They also say that the Adriana capsized when the passengers – some of whom wanted to continue on to Italy after five terrible days at sea, others to seek safety in Greece – suddenly went sideways, causing the ship to lurch and turn into a turtle. And they claim offers to take the migrants off the ship were turned down by people wanting to reach Italy.

Elwan – who says he was on deck with a clear view of what happened – and other survivors say the lurching followed a failed attempt by the coast guard to tow the trawler. He claimed that the Coast Guard hastily cut the tow line when it became clear that the Adriana would sink and drag their boat down with it.

“When you find the ship (at the bottom of the sea), you will see that this rope is still attached to it,” he said.

But logistics make such a feat virtually impossible, Greek authorities say, as the ship is located some five kilometers away, at one of the deepest points in the Mediterranean.

The coastguard has denied any towing attempt, claiming its vessel attempted to move the trawler into neighboring Italy’s area of ​​responsibility.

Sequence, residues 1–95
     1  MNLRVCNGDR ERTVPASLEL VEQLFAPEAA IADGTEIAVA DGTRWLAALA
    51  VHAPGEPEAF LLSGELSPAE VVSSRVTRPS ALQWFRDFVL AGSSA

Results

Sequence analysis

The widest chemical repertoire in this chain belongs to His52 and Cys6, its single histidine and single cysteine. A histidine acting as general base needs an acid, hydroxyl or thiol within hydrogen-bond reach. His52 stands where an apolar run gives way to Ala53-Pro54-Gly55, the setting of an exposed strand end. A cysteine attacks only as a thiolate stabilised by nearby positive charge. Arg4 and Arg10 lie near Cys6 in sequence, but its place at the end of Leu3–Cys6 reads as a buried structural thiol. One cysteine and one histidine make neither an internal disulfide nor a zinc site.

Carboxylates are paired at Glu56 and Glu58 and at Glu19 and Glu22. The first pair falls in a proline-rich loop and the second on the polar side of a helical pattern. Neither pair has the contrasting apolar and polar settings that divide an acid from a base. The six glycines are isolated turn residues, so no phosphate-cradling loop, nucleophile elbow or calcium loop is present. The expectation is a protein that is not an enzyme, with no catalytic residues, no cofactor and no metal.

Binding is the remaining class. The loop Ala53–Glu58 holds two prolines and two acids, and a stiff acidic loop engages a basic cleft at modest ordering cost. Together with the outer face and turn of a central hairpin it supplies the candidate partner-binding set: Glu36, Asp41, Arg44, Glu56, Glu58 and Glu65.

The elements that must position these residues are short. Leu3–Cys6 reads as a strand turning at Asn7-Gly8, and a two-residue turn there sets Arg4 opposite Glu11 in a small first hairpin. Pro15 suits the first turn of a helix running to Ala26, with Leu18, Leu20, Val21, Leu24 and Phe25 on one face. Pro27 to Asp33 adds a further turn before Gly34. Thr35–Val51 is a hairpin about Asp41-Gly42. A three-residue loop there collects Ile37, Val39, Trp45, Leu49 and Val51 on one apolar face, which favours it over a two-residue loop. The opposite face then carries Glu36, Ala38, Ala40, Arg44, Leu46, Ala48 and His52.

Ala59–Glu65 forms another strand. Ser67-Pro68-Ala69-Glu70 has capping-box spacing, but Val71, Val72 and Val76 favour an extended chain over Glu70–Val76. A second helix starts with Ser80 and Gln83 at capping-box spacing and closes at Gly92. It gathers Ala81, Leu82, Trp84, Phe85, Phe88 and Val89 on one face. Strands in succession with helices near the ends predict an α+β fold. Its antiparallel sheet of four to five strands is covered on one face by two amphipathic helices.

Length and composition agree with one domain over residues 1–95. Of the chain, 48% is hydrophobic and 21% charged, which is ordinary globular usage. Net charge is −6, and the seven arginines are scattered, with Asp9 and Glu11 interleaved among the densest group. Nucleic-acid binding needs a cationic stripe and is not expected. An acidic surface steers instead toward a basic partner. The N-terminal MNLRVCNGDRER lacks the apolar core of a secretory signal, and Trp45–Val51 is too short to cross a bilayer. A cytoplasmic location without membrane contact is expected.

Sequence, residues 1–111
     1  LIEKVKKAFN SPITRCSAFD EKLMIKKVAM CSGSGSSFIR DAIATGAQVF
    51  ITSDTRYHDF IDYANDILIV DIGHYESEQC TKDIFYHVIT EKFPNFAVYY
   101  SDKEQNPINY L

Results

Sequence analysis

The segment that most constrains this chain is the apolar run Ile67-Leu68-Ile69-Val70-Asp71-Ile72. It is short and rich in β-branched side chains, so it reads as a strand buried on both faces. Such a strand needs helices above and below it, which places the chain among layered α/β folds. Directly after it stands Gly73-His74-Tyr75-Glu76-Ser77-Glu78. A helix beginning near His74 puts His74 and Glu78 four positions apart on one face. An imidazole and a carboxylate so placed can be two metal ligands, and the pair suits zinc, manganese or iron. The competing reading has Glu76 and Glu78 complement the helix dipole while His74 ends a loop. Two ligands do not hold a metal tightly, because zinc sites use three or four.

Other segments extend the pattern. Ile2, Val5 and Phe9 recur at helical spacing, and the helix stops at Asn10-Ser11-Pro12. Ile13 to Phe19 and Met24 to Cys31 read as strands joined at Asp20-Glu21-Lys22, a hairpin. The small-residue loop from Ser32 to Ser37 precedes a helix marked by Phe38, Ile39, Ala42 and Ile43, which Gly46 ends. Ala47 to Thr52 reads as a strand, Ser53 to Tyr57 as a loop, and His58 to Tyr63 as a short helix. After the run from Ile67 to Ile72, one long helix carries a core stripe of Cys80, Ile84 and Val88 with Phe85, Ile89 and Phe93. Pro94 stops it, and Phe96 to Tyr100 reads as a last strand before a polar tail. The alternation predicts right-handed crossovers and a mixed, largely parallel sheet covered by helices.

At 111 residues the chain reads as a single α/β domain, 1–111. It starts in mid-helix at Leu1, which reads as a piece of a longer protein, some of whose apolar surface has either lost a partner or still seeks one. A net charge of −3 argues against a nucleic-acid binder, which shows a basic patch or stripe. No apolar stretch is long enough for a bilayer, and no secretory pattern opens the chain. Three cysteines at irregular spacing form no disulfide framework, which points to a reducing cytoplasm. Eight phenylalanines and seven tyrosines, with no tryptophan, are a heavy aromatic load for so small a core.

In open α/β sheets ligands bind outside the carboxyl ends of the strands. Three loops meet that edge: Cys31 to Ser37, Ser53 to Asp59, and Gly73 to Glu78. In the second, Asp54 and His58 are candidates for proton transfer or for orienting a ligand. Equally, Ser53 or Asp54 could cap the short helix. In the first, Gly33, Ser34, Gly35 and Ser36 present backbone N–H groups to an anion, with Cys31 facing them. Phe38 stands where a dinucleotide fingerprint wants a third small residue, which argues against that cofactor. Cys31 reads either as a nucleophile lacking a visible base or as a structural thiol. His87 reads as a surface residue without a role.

A Navy court began an investigation last June but has released no information about its progress or findings. In addition, the Greek State Ombudsman started work in November an independent investigation at the authorities’ handling of the tragedy, complaining of the coast guard’s “express denial” to launch a disciplinary investigation.

Last month, a Greek court dropped the charges against nine Egyptians accused of crewing the Adriana and causing the shipwreck. Without examining evidence for or against them, it determined that Greece had no jurisdiction because the wreck had occurred in international waters.

Effie Doussi, one of the Egyptians’ lawyers, argued that the ruling was “politically convenient” for the Greek authorities.

“It saved the Greek state from exposure over the actions of the coast guard, given their responsibility for the rescue,” she said.

Doussi said a full hearing would include testimony from survivors and other witnesses, and that attorneys could request additional evidence from the Coast Guard, such as possible cell phone records.